While Foucault evinces little concern for or interest in the potential discrepancy between his thesis and the rules of conduct governing the behavior of adult Greek males and their wives, relations between adult Greek males and "boys" provide an instance where the productive nature of repression is explicitly in question for Foucault and, Foucault argues, for the Greeks themselves. In the opening sentence of the chapter entitled "A Problematic Relation," Foucault writes: "The use of pleasures in the relationship with boys was a theme of anxiety for Greek thought" (187). Foucault asserts that these relations were the object of the most extensive, fully articulated discussion and etiquette - and hence, implicitly, the occasion for the most productive form of repression. The apparent reason for this extensive discussion was that the implications of an aestheticized sado-masochism were seen as potentially negative in the case of relations between adult males and boys, more so than in the case of relations between adult men and slaves or adult men and women.

In the end, however, Foucault asserts that the intensity with which the Greeks reflected on relations between adult men and boys stems from the fact that those relations exemplified particularly well the productive nature of repression:

It seems clear . . . that in classical Greece the problematization [of sexuality] was more active in regard to boys [than young women]. . . . What is historically singular is not that the Greeks found pleasure in boys, nor even that they accepted this pleasure as legitimate; it is that this acceptance of pleasure was not simple, and that it gave rise to a whole cultural elaboration. (214)

Despite the assertion Foucault makes here, however, another interpretation of Greek "anxiety" seems equally plausible: it was not at all clear to the Greeks that the freedom, even stylized, of the adult Greek male did not have a negative repressive meaning, if not for the adult Greek, then at least for his much younger sexual partner. In this connection it is worth noting that though Foucault does in certain passages speak of "boys" as adolescents, in others he specifies that he is writing of young males who have not yet reached puberty or grown their "first beard" (199).

What made relations between adult Greek males and boys problematic, according to Foucault, was "the juxtaposition of an ethos of male superiority and a conception of all sexual intercourse in terms of the schema of penetration and male domination" (220). The consequence of this was that, on the one hand, the "'active' and dominant role was always assigned positive values, but, on the other hand, it was necessary to attribute to one of the partners in the sexual act the passive, dominated, and inferior position. And while this was allegedly no problem when it involved a woman or a slave, the case was altered when it involved a male," even if the male were not yet an adult. Given this formulation of the problem, however, the real surprise of The Use of Pleasure is that it focuses on relations between adult males and boys and almost totally neglects relations between adult males. And yet, according to the logic of Foucault's argument, these latter relations presumably would have posed the most serious challenge to the "productive" model of repression but, as a consequence, would also have confirmed it in the most striking manner.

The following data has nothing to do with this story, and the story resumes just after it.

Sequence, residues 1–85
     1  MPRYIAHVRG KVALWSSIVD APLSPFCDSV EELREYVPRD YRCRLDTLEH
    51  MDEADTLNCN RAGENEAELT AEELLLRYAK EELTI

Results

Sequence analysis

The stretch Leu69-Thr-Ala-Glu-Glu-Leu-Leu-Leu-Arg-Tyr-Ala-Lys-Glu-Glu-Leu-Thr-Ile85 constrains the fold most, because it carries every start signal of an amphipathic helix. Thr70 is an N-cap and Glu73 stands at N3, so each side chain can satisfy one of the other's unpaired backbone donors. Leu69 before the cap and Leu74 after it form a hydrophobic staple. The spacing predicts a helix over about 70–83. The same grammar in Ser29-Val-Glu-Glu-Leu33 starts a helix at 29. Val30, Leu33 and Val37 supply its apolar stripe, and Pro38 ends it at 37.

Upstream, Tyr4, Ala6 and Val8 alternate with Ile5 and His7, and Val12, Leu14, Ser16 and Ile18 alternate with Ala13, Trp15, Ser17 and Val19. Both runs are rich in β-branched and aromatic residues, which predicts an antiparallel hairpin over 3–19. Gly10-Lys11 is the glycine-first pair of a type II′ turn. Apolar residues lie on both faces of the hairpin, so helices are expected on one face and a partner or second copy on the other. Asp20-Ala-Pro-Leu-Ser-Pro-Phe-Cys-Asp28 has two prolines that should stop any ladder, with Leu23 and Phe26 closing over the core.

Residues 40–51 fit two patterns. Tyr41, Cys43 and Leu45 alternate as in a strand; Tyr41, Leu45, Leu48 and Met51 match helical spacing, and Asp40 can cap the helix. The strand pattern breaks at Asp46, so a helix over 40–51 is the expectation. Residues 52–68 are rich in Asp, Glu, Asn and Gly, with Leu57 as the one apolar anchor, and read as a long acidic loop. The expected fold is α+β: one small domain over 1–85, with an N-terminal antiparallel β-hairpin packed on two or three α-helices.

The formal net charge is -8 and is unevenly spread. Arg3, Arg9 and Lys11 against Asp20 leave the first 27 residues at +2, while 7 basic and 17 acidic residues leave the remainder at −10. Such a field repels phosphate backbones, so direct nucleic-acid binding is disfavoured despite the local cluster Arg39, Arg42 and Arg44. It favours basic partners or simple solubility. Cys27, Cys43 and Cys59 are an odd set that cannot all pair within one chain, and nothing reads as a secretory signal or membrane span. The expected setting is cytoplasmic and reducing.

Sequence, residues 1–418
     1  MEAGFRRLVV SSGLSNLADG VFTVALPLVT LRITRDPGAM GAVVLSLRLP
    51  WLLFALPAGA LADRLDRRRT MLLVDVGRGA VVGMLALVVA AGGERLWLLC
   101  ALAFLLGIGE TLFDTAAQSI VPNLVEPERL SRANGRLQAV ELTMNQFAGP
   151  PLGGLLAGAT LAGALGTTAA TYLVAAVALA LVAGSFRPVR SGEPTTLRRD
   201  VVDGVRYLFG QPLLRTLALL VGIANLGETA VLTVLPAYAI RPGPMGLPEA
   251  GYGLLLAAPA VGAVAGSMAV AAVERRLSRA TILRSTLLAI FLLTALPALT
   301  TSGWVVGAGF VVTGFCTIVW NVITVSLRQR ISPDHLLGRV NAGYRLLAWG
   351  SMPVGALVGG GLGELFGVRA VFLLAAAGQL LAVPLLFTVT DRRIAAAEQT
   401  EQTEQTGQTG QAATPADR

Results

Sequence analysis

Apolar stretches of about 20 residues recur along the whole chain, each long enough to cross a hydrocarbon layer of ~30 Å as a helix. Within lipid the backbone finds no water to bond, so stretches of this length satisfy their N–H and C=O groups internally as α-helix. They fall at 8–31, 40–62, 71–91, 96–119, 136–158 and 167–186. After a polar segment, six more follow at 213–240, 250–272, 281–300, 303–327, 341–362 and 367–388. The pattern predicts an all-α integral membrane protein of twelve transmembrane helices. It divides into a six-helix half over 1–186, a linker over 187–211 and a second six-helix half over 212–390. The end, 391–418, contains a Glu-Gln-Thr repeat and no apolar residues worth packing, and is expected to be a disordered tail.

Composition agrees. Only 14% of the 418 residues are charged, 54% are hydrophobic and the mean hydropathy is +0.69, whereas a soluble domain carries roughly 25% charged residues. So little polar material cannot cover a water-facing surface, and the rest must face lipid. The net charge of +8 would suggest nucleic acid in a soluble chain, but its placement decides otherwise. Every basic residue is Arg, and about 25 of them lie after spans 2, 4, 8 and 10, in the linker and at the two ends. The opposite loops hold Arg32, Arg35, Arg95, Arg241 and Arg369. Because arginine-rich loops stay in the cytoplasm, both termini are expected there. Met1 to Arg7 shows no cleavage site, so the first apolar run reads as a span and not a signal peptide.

In the end, Foucault's omission of a discussion of sexual relations between adult Greek males undoubtedly relates less to a lack of material that could have provided the basis of such a discussion than to a limitation of Foucault's purely productive concept of repression.(11) What a depiction of relations between adult men would have obliged Foucault to confront is the irreducible ambiguity of the sado-masochistic domination and humiliation of another being. He would have had to acknowledge that in the case of sado-masochistic relations between two adult Greek males, the potentially negative - non-productive - dimension of the Greek "aesthetics of existence" concerned not only those whom Foucault readily perhaps too readily acknowledged suffered from its restrictions, but also those who supposedly benefited in every way from its permissions. Equally important, Foucault would have had to see that in a sexual relation between two adult males, that is, between a Greek male and another being who for him would represent another autonomous self, the potentially negative significance of the humiliation and domination of the other could not but reflect the negative implications of the Greek's aestheticized sado-masochistic relation to himself and the arguably restrictive and not merely expressive character of his "art."